Illinois Natural History Survey - University of Illinois

Oligochaetology

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"Oligochaete! Thou taxonomic pain!

My mouth and mind and memory affirm,
Twould be much less a stress upon the brain
To designate you merely as a worm..........
The object of my study is to try
To help both man and worm see eye to eye."
- D. N. Howell (1976)

Oligochaetology is the study of worms - specifically, the Class Oligochaeta within the Phylum Annelida. Other classes in the Phylum Annelida, the true segmented worms, include the Acanthobdellae (bristle worms), Aphononeura (suction-feeding worms), Branchiobdellae (crayfish worms), Hirudinea (leeches), and Polychaeta (sand worms, tube worms, and clam worms). Over 15,000 species of worms have been described worldwide; we now recognize 2,450 species in North America north of Mexico.

Worms occur in virtually all habitats where water is present, even in areas that are only slightly moist. Numerous species also occur exclusively on land. Most annelids are free-living, but many species are parasitic, mutualistic, or commensal during part of or throughout their life cycle.

Worms are an important and often dominant group in aquatic systems, providing a valuable food source for many other aquatic organisms; 131 species presently are known to occur in Illinois. As early as Aristotle, aquatic worms have been recognized for their ability to thrive in organically polluted waters, often forming dense colonies that resemble red waving carpets. Recent works have noted the presence of aquatic worms in almost every habitat that is associated with water, including pristine springs, streams, wells, seeps, and lakes, as well as industrially polluted harbors, large rivers, and waste retention ponds.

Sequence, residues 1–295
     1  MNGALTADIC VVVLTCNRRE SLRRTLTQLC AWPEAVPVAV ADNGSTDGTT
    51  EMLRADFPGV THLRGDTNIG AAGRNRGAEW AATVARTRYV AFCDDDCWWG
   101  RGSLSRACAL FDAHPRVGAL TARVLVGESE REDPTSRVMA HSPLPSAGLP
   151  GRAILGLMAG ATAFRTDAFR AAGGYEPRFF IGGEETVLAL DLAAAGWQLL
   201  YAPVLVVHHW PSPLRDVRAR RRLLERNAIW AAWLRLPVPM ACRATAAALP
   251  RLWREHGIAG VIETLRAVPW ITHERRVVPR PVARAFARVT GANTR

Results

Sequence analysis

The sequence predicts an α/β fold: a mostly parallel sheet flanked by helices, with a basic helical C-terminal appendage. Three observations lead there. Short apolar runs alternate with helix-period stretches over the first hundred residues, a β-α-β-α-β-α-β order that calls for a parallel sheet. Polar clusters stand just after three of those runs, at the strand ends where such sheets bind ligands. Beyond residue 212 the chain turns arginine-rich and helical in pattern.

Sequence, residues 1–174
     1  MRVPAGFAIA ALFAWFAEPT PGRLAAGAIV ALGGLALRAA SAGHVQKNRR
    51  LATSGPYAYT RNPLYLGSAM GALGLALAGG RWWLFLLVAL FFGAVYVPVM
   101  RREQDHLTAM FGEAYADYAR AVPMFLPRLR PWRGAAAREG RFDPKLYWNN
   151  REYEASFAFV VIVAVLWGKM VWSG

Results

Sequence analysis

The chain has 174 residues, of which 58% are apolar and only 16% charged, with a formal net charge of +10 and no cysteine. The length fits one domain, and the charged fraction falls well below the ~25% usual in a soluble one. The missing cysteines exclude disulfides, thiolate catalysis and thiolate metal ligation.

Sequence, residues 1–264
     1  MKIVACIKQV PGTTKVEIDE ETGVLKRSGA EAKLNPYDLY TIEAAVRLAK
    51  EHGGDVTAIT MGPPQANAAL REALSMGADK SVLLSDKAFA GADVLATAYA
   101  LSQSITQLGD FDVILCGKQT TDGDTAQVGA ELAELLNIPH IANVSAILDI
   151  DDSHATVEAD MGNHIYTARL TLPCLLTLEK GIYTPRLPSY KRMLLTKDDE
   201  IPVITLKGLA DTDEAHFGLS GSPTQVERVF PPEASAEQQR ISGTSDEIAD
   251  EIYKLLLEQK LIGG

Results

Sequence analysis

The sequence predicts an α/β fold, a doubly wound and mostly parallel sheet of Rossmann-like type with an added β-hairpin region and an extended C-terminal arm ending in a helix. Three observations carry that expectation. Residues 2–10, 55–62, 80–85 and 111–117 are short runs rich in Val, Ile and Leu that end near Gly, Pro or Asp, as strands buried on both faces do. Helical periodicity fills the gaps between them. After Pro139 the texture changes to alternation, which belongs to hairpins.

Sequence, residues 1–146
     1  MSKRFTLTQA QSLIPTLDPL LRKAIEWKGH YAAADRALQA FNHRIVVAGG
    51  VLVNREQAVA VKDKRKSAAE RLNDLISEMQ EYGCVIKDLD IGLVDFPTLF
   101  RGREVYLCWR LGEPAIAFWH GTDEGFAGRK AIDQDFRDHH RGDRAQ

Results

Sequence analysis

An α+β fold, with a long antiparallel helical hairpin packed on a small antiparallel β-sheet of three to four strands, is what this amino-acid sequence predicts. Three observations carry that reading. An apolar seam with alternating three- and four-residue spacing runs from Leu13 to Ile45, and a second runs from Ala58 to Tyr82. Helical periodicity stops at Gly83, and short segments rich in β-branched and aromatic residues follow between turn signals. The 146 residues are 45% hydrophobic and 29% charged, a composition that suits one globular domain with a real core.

Earthworms, although numbering only about 30 species in Illinois, play an important role in the decomposition of organic matter, mineral cycling, and the aeration, drainage, and root penetration of the soil; through this activity, they also provide suitable habitat for smaller soil fauna, particularly micro-organisms. It has been estimated that earthworms can 'move' up to 18 tons of soil per acre each year. Abundance estimates of earthworms have been as high as three million per acre.


Most annelid research and projects are listed in the INHS Annual Report.

See our Publications Catalog for articles published at INHS.

Mark J Wetzel lists a variety of information on his homepage.


Some past articles published in INHS Reports:

INHS Annelid collection. March-April 1999

Illinois Earthworms: Indicators of Soil Health? May-June 1998

Horsehair Worms in Illinois. March-April 1995

Acanthocephalans and Rotifers Provide Clues for the Study of Evolution of Animal Parasites. November-December 1996


INHS Annelid Collection

18 June 2002 cam



Illinois Natural History Survey

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